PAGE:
Having photographs of the patient are likewise essential. First, these will help in supporting comments and observations during consultation.

Second, this could help to protect us, because many times, patients will appreciate better the result, when they see their former physical body.

That is why we always take photos pre and postoperatively and dispaly them on a big screen, after every consultation. This will avoid any claim.


8. Preparation of the Patient

In consultation, the availability and analysis of the patients’ lab tests incluiding Haematic counts, protein levels, partial thromboplastin time and prothrombin time, and glucose, urea and creatinin levels are necessary.

The protein level is a prognostic factor to determine if there is alowriskoflung throm-boembolism.

It is equally important that the patient read and sign an informed consent form where details including the type of anesthesia, the kind of the surgical procedure, and even possible complications, such as allergy, bleeding, infection, pain, pulmonary embolism, scarring, and seroma, are explained.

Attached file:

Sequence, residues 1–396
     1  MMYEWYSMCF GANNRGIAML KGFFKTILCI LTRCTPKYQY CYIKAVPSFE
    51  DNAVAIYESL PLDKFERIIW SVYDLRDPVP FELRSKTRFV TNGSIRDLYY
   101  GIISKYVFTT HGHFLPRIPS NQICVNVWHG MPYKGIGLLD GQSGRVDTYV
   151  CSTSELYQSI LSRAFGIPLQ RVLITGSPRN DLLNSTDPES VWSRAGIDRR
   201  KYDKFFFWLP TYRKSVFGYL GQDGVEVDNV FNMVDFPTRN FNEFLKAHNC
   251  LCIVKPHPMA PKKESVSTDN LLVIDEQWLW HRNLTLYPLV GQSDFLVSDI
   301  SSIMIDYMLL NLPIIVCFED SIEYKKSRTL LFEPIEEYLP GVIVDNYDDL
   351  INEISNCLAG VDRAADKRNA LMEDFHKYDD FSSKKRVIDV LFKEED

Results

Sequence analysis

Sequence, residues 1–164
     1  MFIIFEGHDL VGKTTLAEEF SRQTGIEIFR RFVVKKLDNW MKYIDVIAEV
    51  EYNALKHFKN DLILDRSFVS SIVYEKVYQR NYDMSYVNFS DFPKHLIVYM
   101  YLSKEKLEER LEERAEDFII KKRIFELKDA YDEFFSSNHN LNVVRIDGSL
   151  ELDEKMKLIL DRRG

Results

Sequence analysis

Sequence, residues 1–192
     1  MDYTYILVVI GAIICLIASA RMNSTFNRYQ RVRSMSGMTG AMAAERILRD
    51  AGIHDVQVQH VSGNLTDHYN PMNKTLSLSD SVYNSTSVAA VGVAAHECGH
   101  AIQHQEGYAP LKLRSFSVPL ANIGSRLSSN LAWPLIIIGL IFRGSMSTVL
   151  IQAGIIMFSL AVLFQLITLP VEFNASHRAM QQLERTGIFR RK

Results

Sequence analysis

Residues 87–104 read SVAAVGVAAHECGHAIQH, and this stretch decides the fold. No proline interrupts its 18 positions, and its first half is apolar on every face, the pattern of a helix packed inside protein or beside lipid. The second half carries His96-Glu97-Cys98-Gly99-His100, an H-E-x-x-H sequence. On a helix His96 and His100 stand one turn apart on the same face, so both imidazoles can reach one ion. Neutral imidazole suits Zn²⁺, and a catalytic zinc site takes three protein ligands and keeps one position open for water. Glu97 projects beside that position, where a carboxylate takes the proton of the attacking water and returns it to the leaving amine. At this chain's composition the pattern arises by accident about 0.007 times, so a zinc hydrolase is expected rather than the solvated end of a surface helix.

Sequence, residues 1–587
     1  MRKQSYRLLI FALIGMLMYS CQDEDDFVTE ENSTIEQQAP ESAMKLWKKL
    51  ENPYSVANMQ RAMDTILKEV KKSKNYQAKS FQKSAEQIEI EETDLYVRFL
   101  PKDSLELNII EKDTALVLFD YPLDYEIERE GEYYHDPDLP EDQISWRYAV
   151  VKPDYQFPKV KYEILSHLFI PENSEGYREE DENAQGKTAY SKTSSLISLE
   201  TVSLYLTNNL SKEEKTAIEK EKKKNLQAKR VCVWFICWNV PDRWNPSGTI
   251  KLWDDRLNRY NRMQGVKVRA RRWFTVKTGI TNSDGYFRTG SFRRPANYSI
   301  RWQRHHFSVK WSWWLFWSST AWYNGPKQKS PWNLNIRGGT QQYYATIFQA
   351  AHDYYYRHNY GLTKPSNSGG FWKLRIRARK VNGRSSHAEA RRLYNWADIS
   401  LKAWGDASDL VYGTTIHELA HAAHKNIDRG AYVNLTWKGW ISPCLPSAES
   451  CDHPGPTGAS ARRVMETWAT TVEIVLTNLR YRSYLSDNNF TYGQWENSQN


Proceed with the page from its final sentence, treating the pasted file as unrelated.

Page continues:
9. Anesthesia

Although there are two options for anesthesia, general anesthesia is preferred. For this type of surgery, this is not a problem because the amount of aspiration is about 600 ml on average, but the operative time is long. Intraoperative tumescent anesthesia, using the Klein solution is as follows:

  • Saline solution, 1 lt

  • Sodium bicarbonate, 10 ml

  • Lidocaine 2%, 50 ml

  • Epinephrine, 1 ml

As the total aspirated volume is less than 600 to 800 ml, then we use the same amount of volume. This will decrease the bleeding.